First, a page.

Monday, June 12, 2006

A stone labyrinth, sacrifice place and an old Viking age grave in Ostrobotnia.



Finding a labyrinth

Some time ago I heard a story about old sacrifice place near by the border between Perälä and Närpes from old baker master Wilho Syväluoma (from Kristinestad). He said that he used to play at that hill when he was young and his father advised not to move or take any of the stones from there…..
He said that every year, beginning of summer (around the summer solstice), some flowers were placed there in the middle of that stone labyrinth. No one knows who does that and why (except the person who does it… of course).



I got a description where this stone circle should be including the name of the place etc. I had a bit free time last Monday evening and I decided to try find that place. I met Rolf Steen alias Kypros in Kristinestad just before I started my conquest (which turned to be really handy) and I took him with me (the man that I am filming a documentary).

First we drove to Myrkky (direct translation = poison) village’ pub, in Swedish Mörtmark ( meaning according local linguistic analyze: a fish area; "Roach area" [Roach = Rutilus rutilus], in swedish Mört(mark) and in finnish "Särki(lä)" - http://filaman.ifm-geomar.de/Summary/SpeciesSummary.php?id=272 ), where we were probing local farmers about this stone circle thing. The local farmers were quite drunk and talkative and extremely nice because they recognized “Kypros” and the table was laid for us for any possible information what was available from them. We learned soon after some beers that they haven’t heard about the stone labyrinth at all but they knew were Svartliden and Matberget are located where the stone thingi should be.


We went where we were advised and we found a sand making / stone splitting factory area after driving fifteen minutes where were some men working. We asked from a helpful man if he had heard about it and he directed us to right lead only few kilometers back.



We went to forest road with eagerness in our hearts. After driving awhile we saw few cars parked by the road where a sign: Raststuga (resting hut) and we decided to go ask more advices. The hut was only half a kilometer away from the road and we heard sounds of hammering and talking in Närpes dialect (finnish-swedish dialect, even Swedish cannot understand that, it sounds like Icelandic spoken by old Icelanders). With Rolf’s Närpeska skills we got more accurate coordinates and a phone number to a person which would know exactly where the stone labyrinth should be located, actually he told that there should be two of those.

After driving for half an hour around we went to check one hill top where the stone formation should be but we couldn’t find any for our disappointment. We decided to come back later after doing more research on the location, maybe even take a guide with us or have an accurate map.

Wikipedia on this subject says:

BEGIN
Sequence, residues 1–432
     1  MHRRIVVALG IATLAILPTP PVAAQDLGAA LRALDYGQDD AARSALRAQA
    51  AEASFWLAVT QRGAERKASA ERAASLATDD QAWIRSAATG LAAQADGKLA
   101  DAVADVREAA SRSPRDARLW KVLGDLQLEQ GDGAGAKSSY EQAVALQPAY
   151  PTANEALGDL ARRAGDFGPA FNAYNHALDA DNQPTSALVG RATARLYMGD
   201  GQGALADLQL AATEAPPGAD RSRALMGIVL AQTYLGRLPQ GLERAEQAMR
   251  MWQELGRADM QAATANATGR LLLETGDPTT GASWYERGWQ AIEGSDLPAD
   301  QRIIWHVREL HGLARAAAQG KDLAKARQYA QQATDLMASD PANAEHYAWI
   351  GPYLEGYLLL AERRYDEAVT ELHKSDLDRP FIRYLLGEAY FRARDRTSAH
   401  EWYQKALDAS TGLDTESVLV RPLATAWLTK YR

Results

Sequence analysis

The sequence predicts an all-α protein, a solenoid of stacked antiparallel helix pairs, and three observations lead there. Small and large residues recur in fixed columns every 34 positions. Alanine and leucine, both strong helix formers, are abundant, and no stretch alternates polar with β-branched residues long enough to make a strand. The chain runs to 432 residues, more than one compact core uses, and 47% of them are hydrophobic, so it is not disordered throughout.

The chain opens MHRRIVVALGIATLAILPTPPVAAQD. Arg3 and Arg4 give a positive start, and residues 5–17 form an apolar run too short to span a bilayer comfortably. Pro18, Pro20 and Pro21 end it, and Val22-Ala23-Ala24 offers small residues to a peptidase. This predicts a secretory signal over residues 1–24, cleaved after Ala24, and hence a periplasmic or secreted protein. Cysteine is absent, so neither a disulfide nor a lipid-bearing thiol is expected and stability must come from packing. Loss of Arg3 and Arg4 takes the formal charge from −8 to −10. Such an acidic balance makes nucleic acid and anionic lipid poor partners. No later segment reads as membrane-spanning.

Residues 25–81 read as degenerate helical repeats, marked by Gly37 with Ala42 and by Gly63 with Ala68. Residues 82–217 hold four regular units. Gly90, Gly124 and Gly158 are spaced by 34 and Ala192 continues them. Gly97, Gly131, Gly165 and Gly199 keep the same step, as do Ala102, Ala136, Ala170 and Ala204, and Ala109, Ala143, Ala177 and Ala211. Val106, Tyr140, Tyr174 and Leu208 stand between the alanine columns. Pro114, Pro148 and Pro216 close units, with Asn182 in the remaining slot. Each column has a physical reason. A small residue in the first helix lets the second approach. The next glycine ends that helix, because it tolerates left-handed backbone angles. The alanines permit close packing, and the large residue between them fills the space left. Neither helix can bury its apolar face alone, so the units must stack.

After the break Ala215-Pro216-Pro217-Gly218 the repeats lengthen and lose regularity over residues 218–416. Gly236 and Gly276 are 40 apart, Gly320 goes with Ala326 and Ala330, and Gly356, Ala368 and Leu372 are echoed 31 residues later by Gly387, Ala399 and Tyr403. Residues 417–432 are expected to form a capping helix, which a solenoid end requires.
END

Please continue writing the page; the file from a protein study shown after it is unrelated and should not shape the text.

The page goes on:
Several similar classical-type labyrinths in Scandinavia have names such as Trojaborg, Trojaburg, Trojborg, "Tröborg" and Trojienborg, which can all be translated as "City of Troy". (The place-name Trelleborg, which means "ring fort", has also been linked with labyrinths.) There were once many hundreds, perhaps even thousands, of these labyrinths throughout Scandinavia, especially in Sweden, and many of them still survive, particularly in remote areas. Their paths are outlined with stones (unlike the turf-cut mazes of England, and those which formerly existed in Denmark). Stone-lined labyrinths such as these have proved slightly easier to date than turf mazes (which have to be cleaned out regularly to keep their paths clear, thus destroying any archaeological evidence). The stone labyrinths around the Baltic coast have been dated to between the 13th century and modern times, with a peak in the 16th and 17th centuries.


Graves on our way back

On our way back to Kristinestad we drove by old Kristinestad road where we stopped to find old “Viking era” graves. Between Kristinestad county and Närpes there is more than 110 ancient burial cites also structures of old settlements (similar than in Iceland for example), finnish heritage office is doing update of these cites at the moment.

The first grave:





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(it has some vegetation ont he top, it is not easy to see the structure)

The second grave: (much better to see the structure)



When they buried people at old times the placed the body and some belongings on a wooden box, which were placed in middle and then stones were carried on sides and top of it. During the time the wooden box got rotten or weak and disappeared, therefore these graves are as shape of a crater or circle.

The outcome of our conquest was fine, we found two graves but our main target, the stone Labyrinth still remains to be found. Meanwhile, till the labyrinth will be discovered we keep our inner “Indiana Jones“ alive and continue our daily lives as before. But I promise we will be back and nothing will stop us when the hidden / heathen history of Ostrobotnia is waiting to be relieved.

Till then, take good care of yourselves and may the Force be with you!!!


See also:


The Labyrinth in India, Pakistan, Nepal & Sri Lanka: http://www.labyrinthos.net/indialabs.htm

Foreign and home-produced artefacts found from graves in Finland: http://virtual.finland.fi/netcomm/news/showarticle.asp?intNWSAID=25924

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